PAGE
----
By Derek Workman
A warm summer's afternoon with a neatly trimmed green sward stretching away towards the shimmering haze of a genteel English landscape. The subdued 'clop' of wooden mallet against ball as it sends the missile through arched hoops, as middle-class observers sup tea from china cups, little fingers keeked at a dilettante angle, and nibble ever so delicately on cucumber sandwiches (crusts trimmed of course). The epitome of an English afternoon on the croquet lawn, as idealistically portrayed by that American master of English country house restraint, James Ivory, who uses the image of such croquetfests in A Room with a View, Howard's End and The Remains of the Day. Obviously never been to Connecticut has Mr Ivory.
Connecticut, home to forested hills, white-steepled colonial churches, historic village greens – and the Connecticut eXtreme Croquet Society.
Extreme croquet is to the polite meander around a well-trimmed green what a bar-room brawl using reversed cues is to a quiet game of snooker in a gentlemen's club. Dipping a metal-capped toe into the turbulent waters of the extreme croquet rulebook ripples up a miasma of weird and wonderful regulations. For example:
Roqueting a live ball(s).
Fairly straightforward I'd say.
The nearest the Brits got to a bit of extreme in the croquet sense was when the Queen of Hearts walloped around a few curled up hedgehogs with an up-ended flamingo in Lewis Carrol's Alice tales. But it's a bit iffy as to why Albion should be considered the home of this elegant, upper-crust pastime. The game we know as croquet was introduced into England in the 1850's from Ireland, where a game called crooky was played in Portarlington, County Clare. Villagers used mallets made by inserting broom handles into pieces of hardwood, but a certain Mr. Jacques came cross a set of croquet equipment and began manufacturing the games paraphernalia. He's considered to be the person who brought croquet to widespread notice, and the Jacques family is still the leading manufacturer today.
Croquet's popularity grew in England in the 1860's and in the following decade it was introduced into the United States. At first it was played only by high society in New York, but it eventually became the most popular lawn sport in America. In the 1890's, however the game lost much of its popularity, partly due to its association with gambling, drinking, and generally unsavoury behaviour. It was banned in Boston. The game fought back though, and at the turn of the century, while on the wane in Britain, the popularity of croquet in America increased. Some of its most noted proponents include Groucho Marx, Dorothy Parker, and Darryl Zanuck, and in Russia, Tolstoy apparently had a croquet lawn in his Moscow garden. But it was in Scandinavia that extreme croquet was born.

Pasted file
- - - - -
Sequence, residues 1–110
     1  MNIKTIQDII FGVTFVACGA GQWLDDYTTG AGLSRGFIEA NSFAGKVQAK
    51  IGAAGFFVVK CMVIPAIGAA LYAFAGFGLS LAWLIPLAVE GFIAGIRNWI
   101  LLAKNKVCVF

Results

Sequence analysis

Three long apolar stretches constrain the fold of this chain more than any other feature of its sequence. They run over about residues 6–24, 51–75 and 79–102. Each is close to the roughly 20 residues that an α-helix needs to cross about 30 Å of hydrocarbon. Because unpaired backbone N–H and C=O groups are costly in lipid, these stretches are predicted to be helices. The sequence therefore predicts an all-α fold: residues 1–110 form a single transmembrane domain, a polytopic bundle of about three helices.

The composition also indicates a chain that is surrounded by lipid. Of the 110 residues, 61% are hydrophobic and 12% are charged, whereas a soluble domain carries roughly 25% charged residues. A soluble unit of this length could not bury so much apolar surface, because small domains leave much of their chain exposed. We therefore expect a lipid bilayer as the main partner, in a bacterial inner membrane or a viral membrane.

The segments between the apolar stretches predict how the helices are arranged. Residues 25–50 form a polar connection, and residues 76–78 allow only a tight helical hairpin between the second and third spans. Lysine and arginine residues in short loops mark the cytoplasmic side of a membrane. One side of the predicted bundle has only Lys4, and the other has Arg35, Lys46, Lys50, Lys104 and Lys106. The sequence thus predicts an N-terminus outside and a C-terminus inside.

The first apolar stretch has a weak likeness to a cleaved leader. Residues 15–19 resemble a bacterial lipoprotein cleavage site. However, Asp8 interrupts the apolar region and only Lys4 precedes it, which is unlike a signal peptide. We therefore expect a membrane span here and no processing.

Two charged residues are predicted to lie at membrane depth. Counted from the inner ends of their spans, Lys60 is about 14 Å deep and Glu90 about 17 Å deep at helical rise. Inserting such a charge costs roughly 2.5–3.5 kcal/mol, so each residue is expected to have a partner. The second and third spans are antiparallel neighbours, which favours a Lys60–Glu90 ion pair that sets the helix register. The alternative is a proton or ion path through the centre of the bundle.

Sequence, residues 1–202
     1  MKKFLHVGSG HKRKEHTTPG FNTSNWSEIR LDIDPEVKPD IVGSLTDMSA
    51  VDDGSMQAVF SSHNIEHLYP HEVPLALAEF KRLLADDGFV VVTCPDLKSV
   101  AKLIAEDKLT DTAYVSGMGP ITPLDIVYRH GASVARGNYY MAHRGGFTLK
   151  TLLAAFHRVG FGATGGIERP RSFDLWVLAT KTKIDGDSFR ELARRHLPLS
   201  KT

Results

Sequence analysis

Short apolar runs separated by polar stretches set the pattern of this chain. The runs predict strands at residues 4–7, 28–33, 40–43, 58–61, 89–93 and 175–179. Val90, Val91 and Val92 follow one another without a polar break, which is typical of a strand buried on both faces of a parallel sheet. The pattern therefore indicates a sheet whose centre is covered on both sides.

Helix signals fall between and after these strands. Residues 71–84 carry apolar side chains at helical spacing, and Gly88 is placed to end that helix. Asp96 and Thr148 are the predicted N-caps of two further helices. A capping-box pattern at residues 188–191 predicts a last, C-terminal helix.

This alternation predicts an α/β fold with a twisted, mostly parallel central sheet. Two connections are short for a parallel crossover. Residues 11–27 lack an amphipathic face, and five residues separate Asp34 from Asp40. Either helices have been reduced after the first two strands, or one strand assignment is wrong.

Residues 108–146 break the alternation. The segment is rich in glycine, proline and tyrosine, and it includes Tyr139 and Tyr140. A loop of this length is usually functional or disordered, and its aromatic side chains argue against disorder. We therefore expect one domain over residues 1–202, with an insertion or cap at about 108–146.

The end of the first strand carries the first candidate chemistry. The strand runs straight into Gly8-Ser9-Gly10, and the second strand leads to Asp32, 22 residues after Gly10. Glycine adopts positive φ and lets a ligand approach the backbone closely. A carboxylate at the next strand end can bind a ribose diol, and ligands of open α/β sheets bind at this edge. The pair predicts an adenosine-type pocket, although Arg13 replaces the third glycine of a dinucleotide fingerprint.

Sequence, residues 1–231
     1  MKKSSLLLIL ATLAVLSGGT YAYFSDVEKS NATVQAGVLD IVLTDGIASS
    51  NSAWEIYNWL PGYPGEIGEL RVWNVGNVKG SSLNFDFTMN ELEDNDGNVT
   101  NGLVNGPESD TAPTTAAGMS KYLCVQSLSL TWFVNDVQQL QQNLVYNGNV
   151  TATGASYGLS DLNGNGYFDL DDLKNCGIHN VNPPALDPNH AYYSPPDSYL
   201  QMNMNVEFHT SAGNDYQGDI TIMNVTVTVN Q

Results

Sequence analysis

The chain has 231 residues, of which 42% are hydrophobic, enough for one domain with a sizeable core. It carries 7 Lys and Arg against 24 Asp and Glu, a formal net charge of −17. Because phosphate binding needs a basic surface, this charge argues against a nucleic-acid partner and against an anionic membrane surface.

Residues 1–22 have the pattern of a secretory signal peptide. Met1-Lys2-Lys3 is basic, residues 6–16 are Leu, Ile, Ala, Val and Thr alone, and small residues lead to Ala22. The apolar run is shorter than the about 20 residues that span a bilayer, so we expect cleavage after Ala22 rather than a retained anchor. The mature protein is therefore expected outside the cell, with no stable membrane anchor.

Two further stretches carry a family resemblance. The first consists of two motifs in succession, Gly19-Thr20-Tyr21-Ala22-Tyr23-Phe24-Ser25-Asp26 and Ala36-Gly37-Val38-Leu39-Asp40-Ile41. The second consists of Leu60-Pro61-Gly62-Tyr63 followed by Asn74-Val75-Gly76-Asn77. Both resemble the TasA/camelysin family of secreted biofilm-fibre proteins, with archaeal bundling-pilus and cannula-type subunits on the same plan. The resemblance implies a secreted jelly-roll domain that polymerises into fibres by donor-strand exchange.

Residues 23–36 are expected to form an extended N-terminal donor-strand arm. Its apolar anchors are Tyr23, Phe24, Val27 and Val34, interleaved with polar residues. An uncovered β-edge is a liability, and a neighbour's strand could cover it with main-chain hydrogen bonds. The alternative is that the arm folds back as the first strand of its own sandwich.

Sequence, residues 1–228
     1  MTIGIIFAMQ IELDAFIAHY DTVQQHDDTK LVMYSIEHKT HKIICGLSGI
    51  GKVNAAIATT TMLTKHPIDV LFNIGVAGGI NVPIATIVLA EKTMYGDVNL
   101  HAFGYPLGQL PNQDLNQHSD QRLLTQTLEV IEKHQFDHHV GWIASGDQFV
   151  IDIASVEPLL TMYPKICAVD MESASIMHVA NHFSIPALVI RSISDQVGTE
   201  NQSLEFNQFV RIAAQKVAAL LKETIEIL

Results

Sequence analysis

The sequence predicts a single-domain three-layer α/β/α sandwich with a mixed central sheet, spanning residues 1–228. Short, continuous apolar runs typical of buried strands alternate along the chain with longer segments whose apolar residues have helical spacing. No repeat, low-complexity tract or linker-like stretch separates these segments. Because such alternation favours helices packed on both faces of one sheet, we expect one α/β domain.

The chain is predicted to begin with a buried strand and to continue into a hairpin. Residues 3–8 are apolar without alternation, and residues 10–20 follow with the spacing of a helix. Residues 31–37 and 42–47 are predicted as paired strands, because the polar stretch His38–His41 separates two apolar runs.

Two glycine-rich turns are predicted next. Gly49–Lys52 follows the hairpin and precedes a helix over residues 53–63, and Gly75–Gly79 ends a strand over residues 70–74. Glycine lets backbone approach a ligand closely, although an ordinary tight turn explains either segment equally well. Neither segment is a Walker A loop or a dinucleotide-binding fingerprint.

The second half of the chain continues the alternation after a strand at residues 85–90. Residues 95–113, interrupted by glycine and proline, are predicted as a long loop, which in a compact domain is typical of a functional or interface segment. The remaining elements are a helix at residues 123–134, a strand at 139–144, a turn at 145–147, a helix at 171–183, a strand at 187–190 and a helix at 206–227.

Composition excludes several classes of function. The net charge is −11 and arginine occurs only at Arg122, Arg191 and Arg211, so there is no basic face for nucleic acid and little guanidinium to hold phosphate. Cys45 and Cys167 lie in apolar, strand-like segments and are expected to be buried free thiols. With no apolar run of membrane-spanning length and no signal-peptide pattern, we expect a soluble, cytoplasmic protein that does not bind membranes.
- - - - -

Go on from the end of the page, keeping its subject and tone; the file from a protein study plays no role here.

On Wednesday April 9, 1975, Bernt 'Mulle' Fredriksson, Anders 'P-son' Wilen and eight other like-minded lunatics, all students of the Linköping University of Technology in Sweden, decided to create a more sophisticated and cruel form of croquet (with the added incentive that it seemed a good reason to get together for a beer or two). The Krocketklubben R.Å.S.O.P. was born and practised a form of croquet they called "terrängkrocket"(cross-country croquet). "There are no runner-ups, third places or similar in our game." says Anders Wilen, the last of the original ten still playing in the annual championship, "The winner takes all!" A match, which typically takes about five to seven hours to play, becomes a mallet and ball obstacle race. "One year we put a hoop one metre up a tree trunk, thinking it would be a difficult shot. It was actually quite easy because there was a stone at the bottom of the tree and we found we could ricochet the ball off it up through the hoop." Although ruthless during a game, the players of R.Å.S.O.P. (the meaning of the initials of the club is a closely guarded secret imparted, only once, to each new member) are very cultivated people and devote themselves to a mid-twentieth century nostalgia, which is shown in their clothing. "When we first played, one of the club members knew of a shop which had an attic full of original 40's and 50's clothing still in their boxes. We bought the lot, and have continued to dress that way ever since." But only for the competition Anders hastens to add. A cassette or CD player filled with evergreens from the period always accompanies a game, but as far as the ladies are concerned, R.Å.S.O.P. is a final foothold of male chauvinism in socially conscious Scandinavia. "The can watch and cook, but they can't play."
For extremists though, the first true example of the sport appeared in the 1920's, when Herbert Swope, publisher of the New York World, built a new course on his Sands Point, Long Island estate. The course was so large that players had to shout to one another. It had sand traps, bunkers, rough, and Long Island Sound waiting in the distance.